November 23, 2009
A new study from Perth’s Telethon Institute for Child Health Research has found evidence that the amount and timing of alcohol consumption in pregnancy affects child behaviour in different ways.
The study has just been published online in the international journal Addiction. Lead author Colleen O’Leary said the analysis was drawn from a random sample of more than 2000 mothers who completed a questionnaire three months after the baby’s delivery, and were then followed up when the child was 2, 5 and 8 years of age.
“Mothers who reported what we would classify as heavy drinking in the first trimester ofpregnancy were nearly three times as likely to report that their child suffered with anxiety and/or depression or somatic complaints,” Ms O’Leary said. “Those who drank moderately during that first trimester were twice as likely to report those types of behavioural issues for their child.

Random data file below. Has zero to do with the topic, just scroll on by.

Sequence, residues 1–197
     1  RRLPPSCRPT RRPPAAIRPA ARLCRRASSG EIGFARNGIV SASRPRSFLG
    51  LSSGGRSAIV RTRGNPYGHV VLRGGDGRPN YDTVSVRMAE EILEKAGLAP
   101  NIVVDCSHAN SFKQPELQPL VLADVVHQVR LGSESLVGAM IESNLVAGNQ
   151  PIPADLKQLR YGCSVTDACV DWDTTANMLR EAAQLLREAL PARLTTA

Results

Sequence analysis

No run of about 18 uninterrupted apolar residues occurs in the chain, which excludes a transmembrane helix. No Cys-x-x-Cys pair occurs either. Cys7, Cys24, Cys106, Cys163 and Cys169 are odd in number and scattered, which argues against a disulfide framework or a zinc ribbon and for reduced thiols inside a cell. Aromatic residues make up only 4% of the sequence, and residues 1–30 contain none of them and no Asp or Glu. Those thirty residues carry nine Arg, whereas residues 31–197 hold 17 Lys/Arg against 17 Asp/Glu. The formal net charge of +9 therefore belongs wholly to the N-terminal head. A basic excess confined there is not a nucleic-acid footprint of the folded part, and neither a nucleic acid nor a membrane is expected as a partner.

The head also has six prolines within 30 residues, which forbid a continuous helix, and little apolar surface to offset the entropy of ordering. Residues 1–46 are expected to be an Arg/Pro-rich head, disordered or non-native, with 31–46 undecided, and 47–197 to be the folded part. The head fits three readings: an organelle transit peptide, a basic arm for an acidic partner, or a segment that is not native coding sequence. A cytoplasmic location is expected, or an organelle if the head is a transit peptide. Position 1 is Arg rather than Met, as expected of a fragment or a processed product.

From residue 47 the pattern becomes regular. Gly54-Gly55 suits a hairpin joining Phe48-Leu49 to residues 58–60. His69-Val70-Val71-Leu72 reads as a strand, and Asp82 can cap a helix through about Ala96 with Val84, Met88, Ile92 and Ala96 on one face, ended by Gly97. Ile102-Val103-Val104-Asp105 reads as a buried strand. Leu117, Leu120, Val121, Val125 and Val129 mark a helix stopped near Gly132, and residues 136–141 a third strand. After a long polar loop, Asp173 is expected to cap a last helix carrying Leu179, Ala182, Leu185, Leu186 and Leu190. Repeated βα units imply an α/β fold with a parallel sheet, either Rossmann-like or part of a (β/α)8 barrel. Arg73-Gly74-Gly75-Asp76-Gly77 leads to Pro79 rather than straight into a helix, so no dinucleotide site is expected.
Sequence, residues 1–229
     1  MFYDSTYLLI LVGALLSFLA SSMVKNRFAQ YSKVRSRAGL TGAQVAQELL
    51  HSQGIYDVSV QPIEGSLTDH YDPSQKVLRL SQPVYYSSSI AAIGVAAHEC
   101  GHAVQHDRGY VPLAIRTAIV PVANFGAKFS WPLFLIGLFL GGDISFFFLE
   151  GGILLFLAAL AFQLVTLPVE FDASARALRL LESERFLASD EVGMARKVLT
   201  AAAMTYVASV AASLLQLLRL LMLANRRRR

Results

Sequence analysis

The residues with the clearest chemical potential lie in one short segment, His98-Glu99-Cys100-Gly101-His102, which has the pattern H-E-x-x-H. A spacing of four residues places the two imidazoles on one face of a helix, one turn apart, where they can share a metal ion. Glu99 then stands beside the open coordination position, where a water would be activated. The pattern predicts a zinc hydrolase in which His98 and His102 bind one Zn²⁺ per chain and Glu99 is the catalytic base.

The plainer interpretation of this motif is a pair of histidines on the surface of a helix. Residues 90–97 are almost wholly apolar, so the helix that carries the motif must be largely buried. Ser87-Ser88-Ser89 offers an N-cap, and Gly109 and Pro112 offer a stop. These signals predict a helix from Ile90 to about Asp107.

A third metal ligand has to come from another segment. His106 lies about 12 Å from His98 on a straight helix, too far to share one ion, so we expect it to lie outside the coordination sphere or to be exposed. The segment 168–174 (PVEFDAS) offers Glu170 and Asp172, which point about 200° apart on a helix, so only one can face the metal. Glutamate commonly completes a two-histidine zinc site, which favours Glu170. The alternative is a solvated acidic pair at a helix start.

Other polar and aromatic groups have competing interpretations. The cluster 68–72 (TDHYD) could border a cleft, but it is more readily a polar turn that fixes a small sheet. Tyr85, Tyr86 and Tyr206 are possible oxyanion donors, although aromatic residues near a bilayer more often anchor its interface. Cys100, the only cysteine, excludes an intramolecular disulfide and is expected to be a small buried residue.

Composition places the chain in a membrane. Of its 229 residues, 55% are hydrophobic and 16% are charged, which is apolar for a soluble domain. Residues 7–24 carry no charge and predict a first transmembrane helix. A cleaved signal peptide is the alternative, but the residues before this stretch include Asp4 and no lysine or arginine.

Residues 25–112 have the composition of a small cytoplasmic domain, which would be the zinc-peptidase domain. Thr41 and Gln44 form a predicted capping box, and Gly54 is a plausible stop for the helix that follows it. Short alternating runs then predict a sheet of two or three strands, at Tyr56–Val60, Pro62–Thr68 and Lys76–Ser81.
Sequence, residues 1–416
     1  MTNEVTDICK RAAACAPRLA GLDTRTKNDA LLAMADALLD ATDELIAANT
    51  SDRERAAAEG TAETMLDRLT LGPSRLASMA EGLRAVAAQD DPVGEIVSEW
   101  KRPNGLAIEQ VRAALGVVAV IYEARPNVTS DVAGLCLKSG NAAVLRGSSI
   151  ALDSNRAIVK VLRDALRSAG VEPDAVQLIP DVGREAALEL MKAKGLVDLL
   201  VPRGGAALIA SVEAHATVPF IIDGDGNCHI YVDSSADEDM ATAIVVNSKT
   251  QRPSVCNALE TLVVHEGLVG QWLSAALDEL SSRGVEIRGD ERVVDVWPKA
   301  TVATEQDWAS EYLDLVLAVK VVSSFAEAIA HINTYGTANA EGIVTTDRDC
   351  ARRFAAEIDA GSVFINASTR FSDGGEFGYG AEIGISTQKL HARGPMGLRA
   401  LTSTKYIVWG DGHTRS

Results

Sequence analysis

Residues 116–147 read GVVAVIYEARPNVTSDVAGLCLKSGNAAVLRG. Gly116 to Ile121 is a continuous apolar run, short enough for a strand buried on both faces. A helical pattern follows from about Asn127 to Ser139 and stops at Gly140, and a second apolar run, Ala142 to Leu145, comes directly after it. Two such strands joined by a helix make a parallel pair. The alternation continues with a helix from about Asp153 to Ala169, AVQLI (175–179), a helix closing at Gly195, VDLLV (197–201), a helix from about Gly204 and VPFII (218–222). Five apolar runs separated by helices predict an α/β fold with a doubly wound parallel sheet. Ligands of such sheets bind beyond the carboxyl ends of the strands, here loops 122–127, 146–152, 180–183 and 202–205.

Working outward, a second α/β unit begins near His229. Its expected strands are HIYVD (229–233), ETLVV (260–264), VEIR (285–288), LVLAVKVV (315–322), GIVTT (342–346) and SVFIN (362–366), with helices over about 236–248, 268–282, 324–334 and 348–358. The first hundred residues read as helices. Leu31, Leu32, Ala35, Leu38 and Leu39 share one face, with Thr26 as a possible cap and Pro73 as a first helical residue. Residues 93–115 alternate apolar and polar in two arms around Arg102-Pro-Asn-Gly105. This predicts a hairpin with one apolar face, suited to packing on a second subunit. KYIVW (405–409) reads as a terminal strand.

“Exposure to moderate or heavy levels of alcohol in late pregnancy increased the risk of aggressive types of behaviours in the child. “This research suggests that both the timing and the intensity of alcohol exposure in the womb affect the type of behaviour problems expressed.”
In this study low levels of alcohol did not increase the risk of harm to the baby. However, the evidence clearly shows that the risk to the baby increases with increasing amounts consumed. “It should also be noted that in this study moderate exposure is classified as drinking 3-4 standard drinks per occasion- that’s about two normal glasses of wine-and no more than a bottle of wine drunk over a week.” Heavy drinking included women who were drinking the equivalent of more than a bottle of wine per week.
Note: I just received a letter from an adoption agency that placed one of my kids in our home for adoption, saying that their birth mother consumed 40+ ounces of alcohol a day and was addicted to cocaine during her pregnancies. She had been referred to rehabs many times but didn’t go. Why do mothers do this to their children? This is one disability, FASD, that can be prevented. Not only can the child’s future behavior be affected by the mother drinking alcohol during pregnancy, but there can be physical and mental damage as well.